Thursday, April 26, 2012

Navy Sets Anchor in Middle of Ohio, Again

There are bound to be some chuckles at the possible headlines tomorrow on this one.

A high-profile ribbon cutting at the Aerospace Center today will see workload for the U.S. Navy officially anchored at Heath, Ohio.  Right in the middle of Ohio.

The thought of Navy sub navigator work being done in a place more than 450 miles away from the nearest place to where a sub can navigate could be humorous to some.

Plus, the headlines may mention that the work is being done at a port authority facility.  That mere phrase evokes thoughts of a Norfolk or Long Beach, not Licking County, Ohio where the Port Authority's closest water source is a lazy little creek.

Truth is, the Navy has been here before. 

In 1981, the Newark Air Force Base newspaper, On Target, reported on the study and competition done that resulted in the decision to bring the Electrostatically Supported Gyro Navigator (ESGN) repair workload to Heath the first time.  It stayed until BRAC '93 and base closure caused the Navy to pull anchor in 1994.  So, this is legacy workload.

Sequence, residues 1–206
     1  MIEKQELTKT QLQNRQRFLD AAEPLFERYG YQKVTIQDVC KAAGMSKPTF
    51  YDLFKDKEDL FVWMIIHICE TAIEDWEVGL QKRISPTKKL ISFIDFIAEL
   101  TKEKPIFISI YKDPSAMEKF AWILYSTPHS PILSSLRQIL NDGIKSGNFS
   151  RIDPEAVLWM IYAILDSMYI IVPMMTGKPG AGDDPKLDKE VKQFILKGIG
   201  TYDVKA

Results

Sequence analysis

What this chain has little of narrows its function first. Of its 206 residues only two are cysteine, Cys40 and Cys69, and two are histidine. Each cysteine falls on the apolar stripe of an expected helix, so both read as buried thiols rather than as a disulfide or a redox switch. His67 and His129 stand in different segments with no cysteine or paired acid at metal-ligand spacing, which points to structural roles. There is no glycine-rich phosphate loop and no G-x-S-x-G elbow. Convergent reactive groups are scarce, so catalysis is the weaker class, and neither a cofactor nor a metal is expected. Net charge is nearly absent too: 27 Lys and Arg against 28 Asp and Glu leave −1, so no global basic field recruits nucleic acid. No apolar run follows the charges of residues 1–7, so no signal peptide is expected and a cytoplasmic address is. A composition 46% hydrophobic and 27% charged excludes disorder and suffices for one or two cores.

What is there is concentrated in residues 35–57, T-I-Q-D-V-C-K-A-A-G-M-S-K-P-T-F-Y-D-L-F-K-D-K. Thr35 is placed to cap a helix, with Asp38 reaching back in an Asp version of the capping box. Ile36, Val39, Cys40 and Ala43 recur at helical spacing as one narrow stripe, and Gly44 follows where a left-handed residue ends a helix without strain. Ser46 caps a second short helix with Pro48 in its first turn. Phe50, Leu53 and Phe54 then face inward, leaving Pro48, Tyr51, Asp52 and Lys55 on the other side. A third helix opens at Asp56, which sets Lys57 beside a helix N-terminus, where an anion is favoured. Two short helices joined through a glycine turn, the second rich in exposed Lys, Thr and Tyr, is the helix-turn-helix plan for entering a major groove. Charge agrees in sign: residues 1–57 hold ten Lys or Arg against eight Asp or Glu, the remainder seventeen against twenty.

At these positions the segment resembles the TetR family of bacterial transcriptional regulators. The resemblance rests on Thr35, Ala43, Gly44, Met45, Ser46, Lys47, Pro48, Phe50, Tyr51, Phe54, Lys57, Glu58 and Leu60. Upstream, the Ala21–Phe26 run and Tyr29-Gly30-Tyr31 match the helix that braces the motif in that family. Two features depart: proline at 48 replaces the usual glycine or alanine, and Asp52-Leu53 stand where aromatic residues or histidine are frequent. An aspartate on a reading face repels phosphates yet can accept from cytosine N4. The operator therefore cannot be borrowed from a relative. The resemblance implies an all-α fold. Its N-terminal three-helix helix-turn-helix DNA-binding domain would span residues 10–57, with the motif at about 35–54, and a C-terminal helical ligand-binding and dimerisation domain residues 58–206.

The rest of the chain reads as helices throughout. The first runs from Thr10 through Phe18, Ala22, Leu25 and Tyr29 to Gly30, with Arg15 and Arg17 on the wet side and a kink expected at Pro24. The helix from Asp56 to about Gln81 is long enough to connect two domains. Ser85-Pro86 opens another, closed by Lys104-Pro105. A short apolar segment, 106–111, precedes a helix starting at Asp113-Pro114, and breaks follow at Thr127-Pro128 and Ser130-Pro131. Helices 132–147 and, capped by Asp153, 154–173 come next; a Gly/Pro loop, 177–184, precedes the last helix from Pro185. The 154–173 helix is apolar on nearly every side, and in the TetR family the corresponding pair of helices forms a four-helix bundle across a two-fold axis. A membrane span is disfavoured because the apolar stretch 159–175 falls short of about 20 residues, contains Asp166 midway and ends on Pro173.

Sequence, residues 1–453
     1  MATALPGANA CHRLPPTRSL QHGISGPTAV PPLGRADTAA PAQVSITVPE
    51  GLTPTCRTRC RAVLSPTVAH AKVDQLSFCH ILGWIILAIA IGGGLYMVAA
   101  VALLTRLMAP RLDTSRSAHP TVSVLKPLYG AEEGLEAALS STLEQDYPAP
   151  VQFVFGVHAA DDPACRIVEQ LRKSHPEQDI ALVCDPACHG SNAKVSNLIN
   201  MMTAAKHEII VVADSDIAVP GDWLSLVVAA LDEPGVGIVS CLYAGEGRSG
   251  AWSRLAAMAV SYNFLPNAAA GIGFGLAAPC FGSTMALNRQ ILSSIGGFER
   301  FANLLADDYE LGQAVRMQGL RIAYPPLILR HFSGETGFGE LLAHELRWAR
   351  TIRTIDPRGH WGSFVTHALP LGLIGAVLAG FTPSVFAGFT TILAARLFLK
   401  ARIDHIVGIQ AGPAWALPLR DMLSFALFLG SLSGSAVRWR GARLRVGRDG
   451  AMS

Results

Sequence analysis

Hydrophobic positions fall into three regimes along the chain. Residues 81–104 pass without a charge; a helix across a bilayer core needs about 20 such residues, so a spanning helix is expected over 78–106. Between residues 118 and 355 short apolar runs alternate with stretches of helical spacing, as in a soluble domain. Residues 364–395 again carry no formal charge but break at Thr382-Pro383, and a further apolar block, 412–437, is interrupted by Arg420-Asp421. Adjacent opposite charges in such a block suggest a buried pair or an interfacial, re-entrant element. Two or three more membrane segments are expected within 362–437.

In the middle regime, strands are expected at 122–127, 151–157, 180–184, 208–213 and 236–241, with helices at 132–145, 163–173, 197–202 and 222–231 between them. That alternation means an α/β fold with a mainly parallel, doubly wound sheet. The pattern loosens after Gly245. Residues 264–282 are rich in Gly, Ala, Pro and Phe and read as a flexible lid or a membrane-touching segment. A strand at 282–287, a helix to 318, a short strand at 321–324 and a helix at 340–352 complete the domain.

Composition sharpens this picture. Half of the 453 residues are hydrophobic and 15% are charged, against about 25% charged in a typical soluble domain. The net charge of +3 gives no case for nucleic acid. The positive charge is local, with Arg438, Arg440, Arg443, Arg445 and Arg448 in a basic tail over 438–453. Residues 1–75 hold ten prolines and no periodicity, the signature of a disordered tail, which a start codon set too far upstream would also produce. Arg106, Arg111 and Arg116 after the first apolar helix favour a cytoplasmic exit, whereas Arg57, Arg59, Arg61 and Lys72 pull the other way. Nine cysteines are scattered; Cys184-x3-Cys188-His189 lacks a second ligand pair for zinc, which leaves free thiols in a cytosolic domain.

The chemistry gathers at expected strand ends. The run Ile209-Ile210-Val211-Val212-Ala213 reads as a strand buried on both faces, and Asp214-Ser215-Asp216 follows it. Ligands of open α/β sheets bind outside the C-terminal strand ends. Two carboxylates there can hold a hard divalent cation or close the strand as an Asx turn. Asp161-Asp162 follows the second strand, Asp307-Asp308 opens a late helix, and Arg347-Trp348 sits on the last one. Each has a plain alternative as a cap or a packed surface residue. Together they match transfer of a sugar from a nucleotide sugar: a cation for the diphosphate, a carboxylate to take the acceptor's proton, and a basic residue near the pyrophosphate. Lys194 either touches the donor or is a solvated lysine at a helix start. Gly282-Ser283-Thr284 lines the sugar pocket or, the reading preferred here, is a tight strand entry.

Truth is, this work on Navy sub navigation systems is old hat to Heath. It's the same type of high-tech, precision work that has been done here in Licking County for 50 years.

Welcome back, Admiral.  Welcome back to port.

1 comment:

  1. The Navy has installations in China Lake, California in the middle of the desert (not to far from Death Valley). There are Native American petroglyphs on the base. You need permission to take an escorted four-wheel drive ride and then hike to see them.